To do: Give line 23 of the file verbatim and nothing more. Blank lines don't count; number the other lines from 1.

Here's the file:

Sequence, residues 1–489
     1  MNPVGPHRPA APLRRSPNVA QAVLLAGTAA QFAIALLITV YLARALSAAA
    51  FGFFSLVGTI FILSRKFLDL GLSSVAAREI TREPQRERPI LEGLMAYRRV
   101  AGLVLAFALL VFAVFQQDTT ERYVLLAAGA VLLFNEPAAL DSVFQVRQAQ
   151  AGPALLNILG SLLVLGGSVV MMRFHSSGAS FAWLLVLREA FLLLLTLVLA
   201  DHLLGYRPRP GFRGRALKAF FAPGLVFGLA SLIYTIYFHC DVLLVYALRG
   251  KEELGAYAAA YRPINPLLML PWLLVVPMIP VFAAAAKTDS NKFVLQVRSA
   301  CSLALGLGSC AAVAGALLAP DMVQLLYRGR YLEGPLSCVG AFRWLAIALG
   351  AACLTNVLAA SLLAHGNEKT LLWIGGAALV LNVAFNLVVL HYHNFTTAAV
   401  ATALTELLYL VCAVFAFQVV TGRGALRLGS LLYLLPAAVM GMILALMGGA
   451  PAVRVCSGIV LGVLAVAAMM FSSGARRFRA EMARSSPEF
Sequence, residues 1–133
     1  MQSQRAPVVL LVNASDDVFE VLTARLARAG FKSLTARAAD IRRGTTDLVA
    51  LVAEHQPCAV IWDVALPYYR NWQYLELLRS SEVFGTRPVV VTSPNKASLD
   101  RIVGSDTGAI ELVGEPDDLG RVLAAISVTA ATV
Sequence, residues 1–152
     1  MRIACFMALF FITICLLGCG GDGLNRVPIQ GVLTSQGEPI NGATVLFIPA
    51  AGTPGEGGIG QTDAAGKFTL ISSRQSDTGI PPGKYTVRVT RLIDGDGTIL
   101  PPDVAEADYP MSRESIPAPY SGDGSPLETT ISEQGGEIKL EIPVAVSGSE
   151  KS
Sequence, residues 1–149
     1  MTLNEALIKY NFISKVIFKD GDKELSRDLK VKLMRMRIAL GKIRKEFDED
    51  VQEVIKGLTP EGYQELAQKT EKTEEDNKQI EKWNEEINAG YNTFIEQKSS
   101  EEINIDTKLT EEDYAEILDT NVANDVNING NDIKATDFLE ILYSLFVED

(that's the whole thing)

    51  VQEVIKGLTP EGYQELAQKT EKTEEDNKQI EKWNEEINAG YNTFIEQKSS